Client discomfort with sensitive material can be mitigated by professionals who are able to establish a safe and supportive environment. In this regard, home visiting can be an optimal context for asking sensitive questions. A skilled home visiting professional is able to develop a strong relationship with clients built on respect, trust, and unconditional positive regard.
Discomfort is a two-way street.
Professionals can influence a client’s level of discomfort with sensitive questions depending on when, where, and how they ask the questions. Professionals need to monitor their approach to sensitive topics and reactions to client disclosure.
“We may underestimate resilience. Out of concern and empathy for their clients, human service professionals may actually overemphasize survivors’ vulnerability by avoiding their traumatic histories.”
Discomfort is not necessarily a bad sign.
In fact, it is possible that “a moderate level of activation is often a good sign, indicating that the client is not in a highly avoidant or numbed state.”8
We may underestimate resilience.
Out of concern and empathy for their clients, human service professionals may actually overemphasize survivors’ vulnerability by avoiding their trauma histories.9
We may be asking the wrong question.
For professionals that serve disadvantaged and oppressed populations, adversity and trauma are nearly universal client concerns. We also know that, in the absence of appropriate support and intervention, adverse and traumatic experiences often continue to undermine health and well-being over the life course. Therefore, in addition considering what might happen if they ask clients sensitive and personal questions, professionals should consider: What happens if I don’t ask?
Recommended approaches to administering the Childhood Experiences Survey:
- Prepare client for sensitive nature of questions.
- Clarify goals of the questions: to reducethe negative effects of exposure to early adversity.
- Set aside enough time to talk as needed.
- Don’t ask the questions too early or too late in the service term.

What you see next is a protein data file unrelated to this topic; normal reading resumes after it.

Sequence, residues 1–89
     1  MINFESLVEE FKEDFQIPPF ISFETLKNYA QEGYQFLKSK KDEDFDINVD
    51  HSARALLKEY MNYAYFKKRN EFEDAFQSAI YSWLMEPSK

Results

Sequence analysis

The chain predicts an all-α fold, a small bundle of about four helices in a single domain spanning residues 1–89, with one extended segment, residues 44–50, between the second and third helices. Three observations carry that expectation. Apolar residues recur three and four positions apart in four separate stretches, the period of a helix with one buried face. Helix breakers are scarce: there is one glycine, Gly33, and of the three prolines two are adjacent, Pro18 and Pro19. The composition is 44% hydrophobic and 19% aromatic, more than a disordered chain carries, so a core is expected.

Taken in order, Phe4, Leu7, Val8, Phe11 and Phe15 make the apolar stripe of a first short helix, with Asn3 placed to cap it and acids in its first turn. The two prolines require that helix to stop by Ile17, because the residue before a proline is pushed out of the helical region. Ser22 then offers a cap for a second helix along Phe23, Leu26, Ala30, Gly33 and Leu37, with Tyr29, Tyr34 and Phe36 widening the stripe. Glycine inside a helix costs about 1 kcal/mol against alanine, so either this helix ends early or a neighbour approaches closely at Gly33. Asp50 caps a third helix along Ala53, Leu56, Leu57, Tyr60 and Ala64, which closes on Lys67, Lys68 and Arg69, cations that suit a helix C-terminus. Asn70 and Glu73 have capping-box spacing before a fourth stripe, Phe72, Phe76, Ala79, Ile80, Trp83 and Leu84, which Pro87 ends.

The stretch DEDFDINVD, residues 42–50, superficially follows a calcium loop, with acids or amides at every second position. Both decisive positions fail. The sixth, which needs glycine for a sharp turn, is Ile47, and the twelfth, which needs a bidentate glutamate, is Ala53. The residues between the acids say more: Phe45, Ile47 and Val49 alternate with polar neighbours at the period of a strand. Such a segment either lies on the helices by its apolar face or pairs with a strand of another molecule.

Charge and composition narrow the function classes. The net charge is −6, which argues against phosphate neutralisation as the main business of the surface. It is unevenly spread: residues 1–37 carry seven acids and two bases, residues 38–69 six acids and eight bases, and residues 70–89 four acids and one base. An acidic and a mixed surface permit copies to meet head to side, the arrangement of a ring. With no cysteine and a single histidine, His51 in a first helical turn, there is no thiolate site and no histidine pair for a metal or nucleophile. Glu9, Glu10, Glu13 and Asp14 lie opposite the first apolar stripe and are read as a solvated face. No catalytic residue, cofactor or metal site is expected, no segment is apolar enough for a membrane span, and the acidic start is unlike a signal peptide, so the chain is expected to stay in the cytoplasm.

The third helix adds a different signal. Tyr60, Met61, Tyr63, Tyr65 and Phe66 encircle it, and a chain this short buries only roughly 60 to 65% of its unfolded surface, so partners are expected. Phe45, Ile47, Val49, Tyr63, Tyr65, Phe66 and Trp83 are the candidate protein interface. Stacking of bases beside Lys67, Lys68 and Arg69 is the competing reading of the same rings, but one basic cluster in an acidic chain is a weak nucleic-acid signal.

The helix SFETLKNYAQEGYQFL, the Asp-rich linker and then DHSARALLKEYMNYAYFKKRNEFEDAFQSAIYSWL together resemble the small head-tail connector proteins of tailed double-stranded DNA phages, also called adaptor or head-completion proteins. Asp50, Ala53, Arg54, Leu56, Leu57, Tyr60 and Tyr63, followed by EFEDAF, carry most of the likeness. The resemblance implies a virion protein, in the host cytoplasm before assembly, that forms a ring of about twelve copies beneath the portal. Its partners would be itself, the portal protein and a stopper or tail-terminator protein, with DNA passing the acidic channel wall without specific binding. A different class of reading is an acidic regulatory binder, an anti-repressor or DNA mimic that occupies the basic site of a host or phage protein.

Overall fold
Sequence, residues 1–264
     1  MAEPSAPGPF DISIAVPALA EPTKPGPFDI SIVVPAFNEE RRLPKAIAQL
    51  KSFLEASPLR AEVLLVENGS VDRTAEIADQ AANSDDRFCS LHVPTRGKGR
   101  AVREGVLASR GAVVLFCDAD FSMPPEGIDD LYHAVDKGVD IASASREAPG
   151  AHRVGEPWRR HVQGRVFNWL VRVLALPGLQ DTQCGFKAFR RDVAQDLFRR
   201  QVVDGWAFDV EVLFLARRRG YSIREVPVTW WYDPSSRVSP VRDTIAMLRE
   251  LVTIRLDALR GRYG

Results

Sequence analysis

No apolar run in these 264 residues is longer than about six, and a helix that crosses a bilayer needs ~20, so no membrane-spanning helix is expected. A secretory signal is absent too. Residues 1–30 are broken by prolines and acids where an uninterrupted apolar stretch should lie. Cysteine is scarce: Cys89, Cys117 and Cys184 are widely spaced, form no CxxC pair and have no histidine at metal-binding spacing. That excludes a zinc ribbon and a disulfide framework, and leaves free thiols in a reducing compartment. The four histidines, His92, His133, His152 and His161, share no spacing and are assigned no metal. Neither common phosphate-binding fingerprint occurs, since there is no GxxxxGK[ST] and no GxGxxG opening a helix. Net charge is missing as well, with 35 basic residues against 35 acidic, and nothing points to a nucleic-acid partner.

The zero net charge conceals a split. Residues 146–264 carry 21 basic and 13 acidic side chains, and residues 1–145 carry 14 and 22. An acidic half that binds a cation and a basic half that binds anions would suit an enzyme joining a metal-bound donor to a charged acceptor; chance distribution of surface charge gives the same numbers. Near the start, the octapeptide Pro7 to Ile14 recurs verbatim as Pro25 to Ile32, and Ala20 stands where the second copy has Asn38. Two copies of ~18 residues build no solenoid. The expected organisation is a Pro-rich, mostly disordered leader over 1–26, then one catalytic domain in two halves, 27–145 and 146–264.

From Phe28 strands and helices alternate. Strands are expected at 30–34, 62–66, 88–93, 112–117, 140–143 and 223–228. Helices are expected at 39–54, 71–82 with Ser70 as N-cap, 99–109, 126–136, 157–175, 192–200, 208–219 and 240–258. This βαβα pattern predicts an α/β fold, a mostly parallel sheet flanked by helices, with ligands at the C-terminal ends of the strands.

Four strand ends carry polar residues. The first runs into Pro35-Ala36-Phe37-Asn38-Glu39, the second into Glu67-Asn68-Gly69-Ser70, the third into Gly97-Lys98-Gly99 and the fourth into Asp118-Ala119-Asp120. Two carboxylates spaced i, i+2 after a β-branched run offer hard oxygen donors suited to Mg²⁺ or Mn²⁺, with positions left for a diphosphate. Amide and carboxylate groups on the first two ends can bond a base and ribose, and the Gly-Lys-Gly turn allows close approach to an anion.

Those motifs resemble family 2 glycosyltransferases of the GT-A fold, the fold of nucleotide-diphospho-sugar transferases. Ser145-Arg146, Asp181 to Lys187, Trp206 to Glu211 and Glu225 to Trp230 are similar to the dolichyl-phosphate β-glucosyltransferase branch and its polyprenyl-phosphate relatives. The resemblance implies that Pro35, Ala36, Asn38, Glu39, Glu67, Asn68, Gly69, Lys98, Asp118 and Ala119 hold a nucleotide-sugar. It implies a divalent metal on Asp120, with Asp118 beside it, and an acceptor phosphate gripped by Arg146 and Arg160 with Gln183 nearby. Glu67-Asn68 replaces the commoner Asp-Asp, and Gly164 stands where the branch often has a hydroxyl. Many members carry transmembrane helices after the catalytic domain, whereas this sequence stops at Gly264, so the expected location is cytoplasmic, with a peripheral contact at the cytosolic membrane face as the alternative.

- Ensure privacy of the respondent at time of survey administration.
- Give client a copy of the survey.
- Record responses or ask respondent if she wants to circle responses.
- Acknowledge adversity or trauma if it has been disclosed previously.
1Langhinrichsen-Rohling, J., Arata, C., O’Brien, N., Bowers, D., & Klibert, J. (2006). Sensitive research with adolescents: Just how upsetting are self-report surveys anyway? Violence and Victims, 21, 425-444.
2Walker, E. A., Newman, E., Koss, M., & Bernstein, D. (1997). Does the study of victimization revictimize the victims? General Hospital Psychiatry, 19, 403-410.
3Black, M. C., Kresnow, M., Simon, T. R., Arias, I., & Shelley, G. (2006). Telephone survey respondents’ reactions to questions regarding interpersonal violence. Violence and Victims, 21, 445-459.
4Edwards, K. M., Kearns, M. C., Calhoun, K. S., Gidycz C. Z. (2009). College women’s reaction to sexual assault research participation: Is it distressing? Psychology of Women Quarterly, 33, 225–234.
5Decker, S. E., Naugle, A. E., Carter-Visscher, R., Bell, K., & Seifert, A. (2011). Ethical issues in research on sensitive topics: Participants’ experiences of distress and benefit. Journal of Empirical Research on Human Research Ethics, 6, 55-64.
6Campbell, R., & Adams, A. E. (2009). Why do rape survivors volunteer for face-to-face interviews? A meta-study of victims’ reasons for and concerns about research participation. Journal of Interpersonal Violence, 24, 395-405.
7Schwerdtfeger, K. L. (2009). The appraisal of quantitative and qualitative trauma-focused research procedures among pregnant participants. Journal of Empirical Research on Human Research Ethics, 4, 39-51.
8Briere, J. N., & Scott, C. (2014). Principles of trauma therapy: A guide to symptoms, evaluation, and treatment (p. 72). Sage Publications.
9Becker-Blease, K. A., & Freyd, J. J. (2006). Research participants telling the truth about their lives: the ethics of asking and not asking about abuse. American Psychologist, 61(3), 218-226.
Intended benefits of assessing and addressing childhood adversity and trauma include helping clients to:
Acknowledge exposure to adversity and trauma.
Recognize and enhance their own resilience.
Explore and alter negative effects of adversity and trauma on current functioning.
Improve personal health and well-being.
Understand potential implications for social relationships. For parents, this may focus on the need to prevent the intergenerational transmission of adversity and trauma.